In Eat & Run, Scott Jurek talks about the importance of those 5 words, and the way his fathers use of them seemingly made him who he is today. Whenever young Jurek was in any doubt as to why he was out slaving away chopping wood, or cooking for the family, or one of many other sacrifices he seemed to make when growing up, the response was simple:
Sometimes, you just do things
And that is kind of how this week was.
On Tuesday I did my usual 4 mile door-to-door run, though using a new path instead, which was nice. On Wednesday I was due to head up the trails for a hill session of some description. However, I was chatting away with one of the gents in IT who is a runner and he offered to take me for a run around the woods that I don’t really know yet. So I met him at the lookout and we had a great 45 minute run. I was at about 4.5miles when I set out for home in the dark. Heading down the lanes in the pitch black with my head torch was an interesting experience.
It was also a little scary. All alone in the pitch black, with nothing to see other than what was in the beam of my torch ensured I ran a little quicker than I was probably intending to do. I did notice though, that when running in the dark it is almost impossible to really know how far you have travelled and indeed how fast you are travelling it. With no point of reference – even being able to see how long it takes you to run between two streetlights – it’s all a little disconcerting. I think I managed a pretty quick run as my calves were cramping by the end!
On Thursday though, the wheels fell of a little. All day long I’d been in a bit of a funk – and I really couldn’t be bothered going for a run. I was in luck though. Lynds has a half day on Thursday, so although I didn’t feel like it; I got myself ready, said ‘Sometimes you just do things’ and headed home.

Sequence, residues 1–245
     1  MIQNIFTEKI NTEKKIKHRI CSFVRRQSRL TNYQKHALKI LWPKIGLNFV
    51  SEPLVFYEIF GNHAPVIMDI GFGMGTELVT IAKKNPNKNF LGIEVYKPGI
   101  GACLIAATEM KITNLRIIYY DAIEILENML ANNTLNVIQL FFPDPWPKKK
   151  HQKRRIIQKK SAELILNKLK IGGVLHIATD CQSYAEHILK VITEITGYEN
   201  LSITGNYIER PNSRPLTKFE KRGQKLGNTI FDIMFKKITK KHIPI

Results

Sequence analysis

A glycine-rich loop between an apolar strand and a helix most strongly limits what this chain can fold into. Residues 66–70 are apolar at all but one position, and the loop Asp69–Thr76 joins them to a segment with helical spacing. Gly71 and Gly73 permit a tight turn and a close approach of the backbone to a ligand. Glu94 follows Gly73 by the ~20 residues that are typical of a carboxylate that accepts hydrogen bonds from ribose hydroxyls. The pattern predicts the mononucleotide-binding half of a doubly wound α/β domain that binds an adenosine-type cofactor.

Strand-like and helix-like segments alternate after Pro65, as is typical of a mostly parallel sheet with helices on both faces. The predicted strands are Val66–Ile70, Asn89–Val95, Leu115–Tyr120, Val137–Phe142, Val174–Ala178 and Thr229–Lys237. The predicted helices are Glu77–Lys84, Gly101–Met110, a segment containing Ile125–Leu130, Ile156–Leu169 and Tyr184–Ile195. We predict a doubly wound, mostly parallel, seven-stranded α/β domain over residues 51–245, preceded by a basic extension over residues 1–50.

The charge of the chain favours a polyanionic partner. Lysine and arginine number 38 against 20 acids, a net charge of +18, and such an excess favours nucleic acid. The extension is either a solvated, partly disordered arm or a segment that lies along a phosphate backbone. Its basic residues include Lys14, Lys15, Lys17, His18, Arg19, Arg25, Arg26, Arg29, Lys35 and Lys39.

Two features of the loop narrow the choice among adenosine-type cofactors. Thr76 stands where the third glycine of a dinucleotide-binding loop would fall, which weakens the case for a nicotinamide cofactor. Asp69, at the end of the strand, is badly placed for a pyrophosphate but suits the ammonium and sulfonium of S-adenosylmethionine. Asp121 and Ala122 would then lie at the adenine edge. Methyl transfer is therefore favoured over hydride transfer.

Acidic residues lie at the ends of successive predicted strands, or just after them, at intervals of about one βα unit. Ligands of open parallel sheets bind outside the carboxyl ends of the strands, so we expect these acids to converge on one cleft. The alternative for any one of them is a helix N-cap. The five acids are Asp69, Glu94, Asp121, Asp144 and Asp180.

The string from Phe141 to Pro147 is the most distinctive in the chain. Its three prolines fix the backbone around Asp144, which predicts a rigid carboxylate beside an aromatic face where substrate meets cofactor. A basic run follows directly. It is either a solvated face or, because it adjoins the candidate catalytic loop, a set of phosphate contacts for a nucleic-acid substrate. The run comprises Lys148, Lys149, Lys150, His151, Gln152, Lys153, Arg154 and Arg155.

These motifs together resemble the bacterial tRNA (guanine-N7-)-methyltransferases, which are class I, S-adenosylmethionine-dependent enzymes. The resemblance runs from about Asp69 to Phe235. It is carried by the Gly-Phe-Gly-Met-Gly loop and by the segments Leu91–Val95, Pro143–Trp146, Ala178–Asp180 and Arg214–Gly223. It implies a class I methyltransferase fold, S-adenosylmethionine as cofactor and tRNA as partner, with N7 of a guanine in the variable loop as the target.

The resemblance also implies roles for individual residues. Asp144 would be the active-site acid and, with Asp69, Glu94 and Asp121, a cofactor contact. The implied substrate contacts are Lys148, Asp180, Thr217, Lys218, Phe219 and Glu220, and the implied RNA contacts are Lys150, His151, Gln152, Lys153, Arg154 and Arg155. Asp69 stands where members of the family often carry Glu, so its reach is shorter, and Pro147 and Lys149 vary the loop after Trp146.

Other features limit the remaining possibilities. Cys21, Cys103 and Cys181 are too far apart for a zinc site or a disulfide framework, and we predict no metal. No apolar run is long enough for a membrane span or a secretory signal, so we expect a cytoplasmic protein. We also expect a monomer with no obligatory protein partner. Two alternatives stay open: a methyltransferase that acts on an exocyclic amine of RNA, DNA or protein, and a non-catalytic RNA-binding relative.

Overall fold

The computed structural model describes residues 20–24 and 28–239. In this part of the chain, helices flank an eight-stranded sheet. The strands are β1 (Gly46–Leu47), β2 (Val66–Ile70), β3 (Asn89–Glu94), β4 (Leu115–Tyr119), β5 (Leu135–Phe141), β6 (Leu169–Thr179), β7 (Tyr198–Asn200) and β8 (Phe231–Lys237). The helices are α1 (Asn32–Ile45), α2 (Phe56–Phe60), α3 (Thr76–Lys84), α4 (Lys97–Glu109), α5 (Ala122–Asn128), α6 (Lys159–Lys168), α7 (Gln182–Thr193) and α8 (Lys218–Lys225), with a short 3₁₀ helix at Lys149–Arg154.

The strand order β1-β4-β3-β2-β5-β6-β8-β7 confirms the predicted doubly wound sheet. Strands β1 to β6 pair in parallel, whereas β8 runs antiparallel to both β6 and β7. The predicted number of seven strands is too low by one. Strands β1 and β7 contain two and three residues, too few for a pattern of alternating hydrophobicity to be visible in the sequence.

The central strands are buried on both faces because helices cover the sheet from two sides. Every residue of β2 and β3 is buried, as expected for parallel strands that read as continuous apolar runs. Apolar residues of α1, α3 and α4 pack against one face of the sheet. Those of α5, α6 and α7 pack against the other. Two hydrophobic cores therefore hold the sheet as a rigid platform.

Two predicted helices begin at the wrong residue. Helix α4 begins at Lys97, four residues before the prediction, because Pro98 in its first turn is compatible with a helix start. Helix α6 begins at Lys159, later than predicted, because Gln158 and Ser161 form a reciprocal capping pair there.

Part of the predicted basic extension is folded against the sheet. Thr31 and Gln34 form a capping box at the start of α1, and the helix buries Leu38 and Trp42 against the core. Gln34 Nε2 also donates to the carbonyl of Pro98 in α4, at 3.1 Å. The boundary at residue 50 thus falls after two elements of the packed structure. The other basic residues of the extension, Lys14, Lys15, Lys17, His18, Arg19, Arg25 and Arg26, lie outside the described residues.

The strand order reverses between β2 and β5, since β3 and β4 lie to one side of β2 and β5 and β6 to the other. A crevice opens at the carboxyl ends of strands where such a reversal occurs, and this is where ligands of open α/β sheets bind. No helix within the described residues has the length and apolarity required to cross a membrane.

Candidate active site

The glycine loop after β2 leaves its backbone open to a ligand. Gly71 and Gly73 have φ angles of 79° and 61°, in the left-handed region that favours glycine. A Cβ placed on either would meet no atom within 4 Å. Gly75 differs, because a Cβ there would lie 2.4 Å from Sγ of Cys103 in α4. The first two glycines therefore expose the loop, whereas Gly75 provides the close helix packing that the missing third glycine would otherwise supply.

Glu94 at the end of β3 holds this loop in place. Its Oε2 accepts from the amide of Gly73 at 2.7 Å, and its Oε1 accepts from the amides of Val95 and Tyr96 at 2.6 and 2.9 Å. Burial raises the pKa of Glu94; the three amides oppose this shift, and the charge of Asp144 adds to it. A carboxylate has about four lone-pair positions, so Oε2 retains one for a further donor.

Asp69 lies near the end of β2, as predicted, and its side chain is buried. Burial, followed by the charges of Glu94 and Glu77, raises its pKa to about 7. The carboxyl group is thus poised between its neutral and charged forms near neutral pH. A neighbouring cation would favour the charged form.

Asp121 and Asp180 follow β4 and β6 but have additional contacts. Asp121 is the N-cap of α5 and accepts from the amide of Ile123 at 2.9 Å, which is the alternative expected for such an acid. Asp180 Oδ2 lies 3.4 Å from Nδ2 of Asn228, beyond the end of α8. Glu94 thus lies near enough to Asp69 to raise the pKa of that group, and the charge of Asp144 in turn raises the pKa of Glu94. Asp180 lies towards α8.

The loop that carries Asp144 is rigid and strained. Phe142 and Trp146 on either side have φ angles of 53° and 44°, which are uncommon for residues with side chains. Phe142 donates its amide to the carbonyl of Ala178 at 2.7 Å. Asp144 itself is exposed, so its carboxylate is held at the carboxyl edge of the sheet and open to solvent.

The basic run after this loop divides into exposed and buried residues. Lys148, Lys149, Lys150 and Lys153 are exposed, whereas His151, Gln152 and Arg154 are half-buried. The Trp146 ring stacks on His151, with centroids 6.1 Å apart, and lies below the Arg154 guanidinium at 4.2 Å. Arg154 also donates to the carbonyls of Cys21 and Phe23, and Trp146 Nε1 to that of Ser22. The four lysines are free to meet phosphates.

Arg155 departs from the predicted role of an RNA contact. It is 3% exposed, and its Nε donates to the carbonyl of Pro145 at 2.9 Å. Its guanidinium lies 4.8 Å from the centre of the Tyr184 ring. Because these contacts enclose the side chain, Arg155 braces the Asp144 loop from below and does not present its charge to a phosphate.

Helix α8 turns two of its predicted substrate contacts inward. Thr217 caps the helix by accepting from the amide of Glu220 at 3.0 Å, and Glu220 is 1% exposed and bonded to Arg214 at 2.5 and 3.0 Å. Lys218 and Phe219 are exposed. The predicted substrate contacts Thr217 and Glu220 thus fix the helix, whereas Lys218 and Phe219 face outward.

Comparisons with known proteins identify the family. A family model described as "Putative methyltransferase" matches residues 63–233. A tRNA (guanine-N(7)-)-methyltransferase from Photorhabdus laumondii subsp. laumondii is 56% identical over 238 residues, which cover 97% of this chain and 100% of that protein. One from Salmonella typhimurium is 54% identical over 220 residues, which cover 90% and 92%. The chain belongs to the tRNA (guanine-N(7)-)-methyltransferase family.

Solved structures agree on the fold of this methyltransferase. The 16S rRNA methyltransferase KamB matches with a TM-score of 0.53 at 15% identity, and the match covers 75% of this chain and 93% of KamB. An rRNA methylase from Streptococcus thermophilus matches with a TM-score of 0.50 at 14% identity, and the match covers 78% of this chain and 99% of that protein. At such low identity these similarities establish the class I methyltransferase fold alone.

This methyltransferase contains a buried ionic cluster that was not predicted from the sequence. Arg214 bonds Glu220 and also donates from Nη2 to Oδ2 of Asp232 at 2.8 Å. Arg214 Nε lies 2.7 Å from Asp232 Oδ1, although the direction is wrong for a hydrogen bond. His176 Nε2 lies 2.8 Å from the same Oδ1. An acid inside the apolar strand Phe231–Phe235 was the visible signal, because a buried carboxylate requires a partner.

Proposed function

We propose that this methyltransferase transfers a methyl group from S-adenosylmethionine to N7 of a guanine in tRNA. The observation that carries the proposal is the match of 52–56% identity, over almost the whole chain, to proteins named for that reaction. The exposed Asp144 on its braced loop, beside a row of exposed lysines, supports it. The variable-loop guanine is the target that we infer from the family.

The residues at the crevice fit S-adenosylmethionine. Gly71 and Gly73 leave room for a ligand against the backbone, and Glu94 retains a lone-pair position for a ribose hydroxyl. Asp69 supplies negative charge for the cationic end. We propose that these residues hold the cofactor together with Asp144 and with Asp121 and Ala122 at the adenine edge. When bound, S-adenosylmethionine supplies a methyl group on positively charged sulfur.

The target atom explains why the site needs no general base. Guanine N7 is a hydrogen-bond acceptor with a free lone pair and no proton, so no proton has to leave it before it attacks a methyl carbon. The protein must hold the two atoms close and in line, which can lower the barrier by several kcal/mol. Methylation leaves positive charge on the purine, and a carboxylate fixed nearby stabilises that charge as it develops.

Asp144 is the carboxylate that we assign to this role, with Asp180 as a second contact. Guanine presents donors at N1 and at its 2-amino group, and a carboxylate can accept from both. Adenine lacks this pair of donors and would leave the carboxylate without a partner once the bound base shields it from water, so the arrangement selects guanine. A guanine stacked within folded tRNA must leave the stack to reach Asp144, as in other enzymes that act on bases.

The run wasn’t the best I’ve ever had, but it certainly wasn’t the worst, and all in all I had a nice time. Mostly I was just pretty glad that I had gone out!! It got me thinking about the fact that not all that long I would have had at least an hour of travelling home thinking of all the reasons why I didn’t have to run, and convincing myself the run would be even better if I put it off till the next day – It never was.
Since working at Hurtwood, I haven’t missed a single planned run. And I feel pretty good about that!!
Yesterday I had a few other appointments booked, and so I had to get up bright and early for my run. The Grand Prix qualifying kind of got in the way – so my 9 mile run ended up a teeny bit short as I needed to get home.
I had my first opticians appointment in approximately a trillion years, and though she was a teeny bit concerned and threatened me with trivial nonsense like blindness etc; everything will generally be OK so long as I look after my lenses better, and she signed me up for some new ones. Hooray, I can see again, and my eyes feel good!!
This morning, after the F1 of course, I headed out for another 9 miles or so. I decided this morning that I would try walking breaks. It’s a fairly well known fact that many people don’t actually run the whole way round an ultra – even Jornet doesn’t. And rather than train at silly paces, it is imperative to get used to both time on feet and walking during a long run. So I decided to head out from the offset at a pace of 8 minute run with a 2 minute walk. And… it was pretty awesome. I felt really good during the run portions – even up any hills, as my legs felt refreshed from each walk section. The weather was glorious and I had a great time on the trails :-) On another positive note I also had another go with the waist pack this morning, and it felt mch better, with far less wobbling around! Hooray.
And so ends another 36mile week, ultra training is going well, and I am feeling good!! Peace Out